BETA

New horizons open for a faithful people

OAXACA, Mexico — Dedication of the Oaxaca Mexico Temple opened new possibilities for service among a dedicated people.

Members from Oaxaca temple district, including those with colorful, traditional dress from Juchitan, prepare to enter first dedicatory session March 11.
Members from Oaxaca temple district, including those with colorful, traditional dress from Juchitan, prepare to enter first dedicatory session March 11. Photo: Photo by John L. Hart

The Church's 74th temple was dedicated March 11 in four sessions by President James E. Faust, second counselor in the First Presidency, providing this nation with its fifth temple. The dedication was attended by 18,030 members. This was the first temple to be dedicated by President Faust, who was accompanied by his wife, Ruth, and by Elder Richard G. Scott of the Quorum of the Twelve. Elder Carl B. Pratt of the Seventy and president of the Mexico South Area, and his wife, Karen, who live in Mexico City, also participated in the event.

At the cornerstone ceremony, President Faust invited a few young men and young women along with a few children to take part in applying mortar to the stonework, which they did with great enjoyment. Afterwards, a choir near the cornerstone area performed with feeling and enthusiasm.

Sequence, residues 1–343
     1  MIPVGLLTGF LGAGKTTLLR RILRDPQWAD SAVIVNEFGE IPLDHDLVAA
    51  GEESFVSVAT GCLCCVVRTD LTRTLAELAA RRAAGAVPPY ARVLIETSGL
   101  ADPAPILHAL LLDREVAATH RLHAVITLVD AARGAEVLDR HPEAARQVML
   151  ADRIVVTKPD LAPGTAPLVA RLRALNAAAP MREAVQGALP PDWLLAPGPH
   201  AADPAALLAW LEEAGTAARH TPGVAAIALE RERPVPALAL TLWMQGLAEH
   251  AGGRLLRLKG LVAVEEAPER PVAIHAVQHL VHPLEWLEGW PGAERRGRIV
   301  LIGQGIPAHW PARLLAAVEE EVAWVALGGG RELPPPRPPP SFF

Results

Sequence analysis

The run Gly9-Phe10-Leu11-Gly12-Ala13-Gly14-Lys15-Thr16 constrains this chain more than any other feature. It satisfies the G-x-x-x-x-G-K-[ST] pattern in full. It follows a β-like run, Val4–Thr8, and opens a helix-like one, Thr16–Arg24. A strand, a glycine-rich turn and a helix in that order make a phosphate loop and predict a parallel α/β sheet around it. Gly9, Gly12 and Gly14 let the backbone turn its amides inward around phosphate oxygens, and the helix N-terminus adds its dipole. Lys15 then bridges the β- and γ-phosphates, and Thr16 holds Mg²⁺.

The temple, widely appreciated as one of the most beautiful buildings in this city, is located on a major boulevard near a university in the Candiani sector of Oaxaca, in the Mexican state of Oaxaca. With more than a million residents, this centuries old city is known throughout Mexico for its colonial architecture and religious traditions.

Members of cornerstone choir from Oaxaca stakes respond to greeting from President James E. Faust.
Members of cornerstone choir from Oaxaca stakes respond to greeting from President James E. Faust. Photo: Photo by John L. Hart

As a temple was added to the cityscape, local members enjoyed watching the construction. But after the structure was mostly erected, on Sept. 30, 1997, a three-minute long, 7.6 earthquake struck Oaxaca. Jay Erekson, project manager for Okland Construction Co., was in front of the temple at the time.